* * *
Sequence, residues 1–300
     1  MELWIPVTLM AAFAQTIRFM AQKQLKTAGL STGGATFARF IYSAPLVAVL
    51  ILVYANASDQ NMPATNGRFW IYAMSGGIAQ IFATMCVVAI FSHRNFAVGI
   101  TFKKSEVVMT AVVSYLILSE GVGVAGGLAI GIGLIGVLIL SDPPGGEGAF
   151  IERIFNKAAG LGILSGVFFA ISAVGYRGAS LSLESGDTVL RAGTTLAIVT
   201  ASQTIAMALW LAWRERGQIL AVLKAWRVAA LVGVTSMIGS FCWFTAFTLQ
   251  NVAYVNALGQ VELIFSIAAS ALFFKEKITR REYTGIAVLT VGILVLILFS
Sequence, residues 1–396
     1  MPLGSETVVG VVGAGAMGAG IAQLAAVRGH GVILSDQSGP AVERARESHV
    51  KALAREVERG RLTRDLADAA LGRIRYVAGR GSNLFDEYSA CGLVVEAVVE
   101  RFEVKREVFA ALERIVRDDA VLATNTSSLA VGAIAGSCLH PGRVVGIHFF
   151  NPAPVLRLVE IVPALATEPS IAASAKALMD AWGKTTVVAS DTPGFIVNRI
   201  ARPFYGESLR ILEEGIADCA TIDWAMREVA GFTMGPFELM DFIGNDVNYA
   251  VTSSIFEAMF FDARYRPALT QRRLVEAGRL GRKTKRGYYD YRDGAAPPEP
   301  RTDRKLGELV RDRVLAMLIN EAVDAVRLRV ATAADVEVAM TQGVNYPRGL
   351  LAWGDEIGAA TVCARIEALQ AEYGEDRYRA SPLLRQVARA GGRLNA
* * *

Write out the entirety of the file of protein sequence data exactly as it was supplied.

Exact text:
Sequence, residues 1–300
     1  MELWIPVTLM AAFAQTIRFM AQKQLKTAGL STGGATFARF IYSAPLVAVL
    51  ILVYANASDQ NMPATNGRFW IYAMSGGIAQ IFATMCVVAI FSHRNFAVGI
   101  TFKKSEVVMT AVVSYLILSE GVGVAGGLAI GIGLIGVLIL SDPPGGEGAF
   151  IERIFNKAAG LGILSGVFFA ISAVGYRGAS LSLESGDTVL RAGTTLAIVT
   201  ASQTIAMALW LAWRERGQIL AVLKAWRVAA LVGVTSMIGS FCWFTAFTLQ
   251  NVAYVNALGQ VELIFSIAAS ALFFKEKITR REYTGIAVLT VGILVLILFS
Sequence, residues 1–396
     1  MPLGSETVVG VVGAGAMGAG IAQLAAVRGH GVILSDQSGP AVERARESHV
    51  KALAREVERG RLTRDLADAA LGRIRYVAGR GSNLFDEYSA CGLVVEAVVE
   101  RFEVKREVFA ALERIVRDDA VLATNTSSLA VGAIAGSCLH PGRVVGIHFF
   151  NPAPVLRLVE IVPALATEPS IAASAKALMD AWGKTTVVAS DTPGFIVNRI
   201  ARPFYGESLR ILEEGIADCA TIDWAMREVA GFTMGPFELM DFIGNDVNYA
   251  VTSSIFEAMF FDARYRPALT QRRLVEAGRL GRKTKRGYYD YRDGAAPPEP
   301  RTDRKLGELV RDRVLAMLIN EAVDAVRLRV ATAADVEVAM TQGVNYPRGL
   351  LAWGDEIGAA TVCARIEALQ AEYGEDRYRA SPLLRQVARA GGRLNA